Antisperm antibodies (ASA)

What are antibodies?

The human body has an immune system (‘Army’ of the body) and its job is to neutralise any threats to the body from invaders such as bacteria, viruses or even cancer cells. To neutralise the offending agent it has to recognise the antigen, a specific part on the agent. The immune system produces specialised proteins called immunoglobulins (designated as Ig), that are produced by the cells of the immune system.

What are antisperm antibodies? How do they form?

A man’s blood and sperm do not come in contact with each other because of a barrier system (Testis-blood barrier). In testis, specialized cells known as Sertoli cells form this barrier (Similar barrier system exists elsewhere in the brain: called Blood-brain barrier). Any disturbance to this system physical, chemical, infection, inflammation and trauma could break the barrier and sensitize the immune system to sperm. Sometimes infection or inflammation in other parts of male genital system could produce the antibodies. The ‘soldiers’ in the immune system are white blood cells called lymphocytes (B and T lymphocytes). The origins of ASA are uncertain – it is not whether they are produced by the body or the testis.

Why does ASA interfere with fertilisation?

It is well known that naturally occurring antibodies to eggs and sperm can cause problems with fertility. The antibodies bind to the proteins (antigens) on the sperm’s head, midpiece or tail.  ASA could cause sperm inaction in 3 ways:

  1. agglutination (clumping and sticking together) reducing the number of sperm penetrating cervical mucus;
  2. immobilization of sperm – sperm is unable to move
  3. spermatotoxic – causing loss in viability of the sperm

In some patients antibodies may be found in the blood and these are known as circulatory antibodies. High levels of antibodies in the blood do not invariably mean that the antibodies will find their way to the semen where they can affect the sperm. Antibodies may also interfere with egg penetration and sometimes prevent the sperm from swimming through the cervix.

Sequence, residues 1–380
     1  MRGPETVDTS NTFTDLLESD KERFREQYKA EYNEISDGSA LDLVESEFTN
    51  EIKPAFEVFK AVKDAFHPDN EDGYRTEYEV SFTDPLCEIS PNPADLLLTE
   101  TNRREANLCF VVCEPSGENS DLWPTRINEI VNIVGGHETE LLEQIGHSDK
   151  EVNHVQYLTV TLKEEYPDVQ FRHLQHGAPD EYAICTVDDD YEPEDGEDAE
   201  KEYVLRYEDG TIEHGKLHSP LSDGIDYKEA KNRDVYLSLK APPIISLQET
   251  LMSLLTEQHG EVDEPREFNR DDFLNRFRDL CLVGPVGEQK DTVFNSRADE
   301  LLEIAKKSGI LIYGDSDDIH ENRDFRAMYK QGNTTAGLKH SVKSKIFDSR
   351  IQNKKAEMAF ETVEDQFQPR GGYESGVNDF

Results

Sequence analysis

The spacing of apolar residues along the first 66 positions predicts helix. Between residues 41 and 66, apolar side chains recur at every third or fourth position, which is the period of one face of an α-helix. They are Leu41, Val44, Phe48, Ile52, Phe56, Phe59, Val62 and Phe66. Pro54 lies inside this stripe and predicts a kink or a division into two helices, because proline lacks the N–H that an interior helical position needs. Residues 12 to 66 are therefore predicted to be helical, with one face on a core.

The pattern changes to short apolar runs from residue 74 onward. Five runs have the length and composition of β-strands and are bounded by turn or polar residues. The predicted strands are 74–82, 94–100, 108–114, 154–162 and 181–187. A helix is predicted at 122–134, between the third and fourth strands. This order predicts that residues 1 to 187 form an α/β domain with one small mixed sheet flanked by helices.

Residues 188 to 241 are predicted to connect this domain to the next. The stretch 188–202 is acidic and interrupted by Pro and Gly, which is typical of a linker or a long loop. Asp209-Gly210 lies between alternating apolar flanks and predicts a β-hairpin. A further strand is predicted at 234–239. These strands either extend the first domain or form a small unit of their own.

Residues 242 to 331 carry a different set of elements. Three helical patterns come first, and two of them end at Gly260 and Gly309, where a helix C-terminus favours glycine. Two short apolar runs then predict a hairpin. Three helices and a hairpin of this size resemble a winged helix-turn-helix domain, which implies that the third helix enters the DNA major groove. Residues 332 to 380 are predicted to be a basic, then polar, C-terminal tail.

It is highly unlikely that pregnancy can be achieved naturally or by intrauterine insemination in presence of ASA.

How is ASA detected?

The ASA are measured by mixed antiglobulin reaction (MAR test) test on the sperm. This is usually done at the time of semen analysis.

Is it possible to have sperm immunity developing in women?

Sometimes sperm antibodies are also found in women, the presence of which reduce the likelihood of conception naturally or by conception IVF in humans. This has also been confirmed in experimental setting. The exact cause of sperm antibodies women is unknown.

Are there any reference values for ASA?

There are currently no reference values for antibodies. The WHO manual refers to a threshold of 50% motile sperm with adherent particles.


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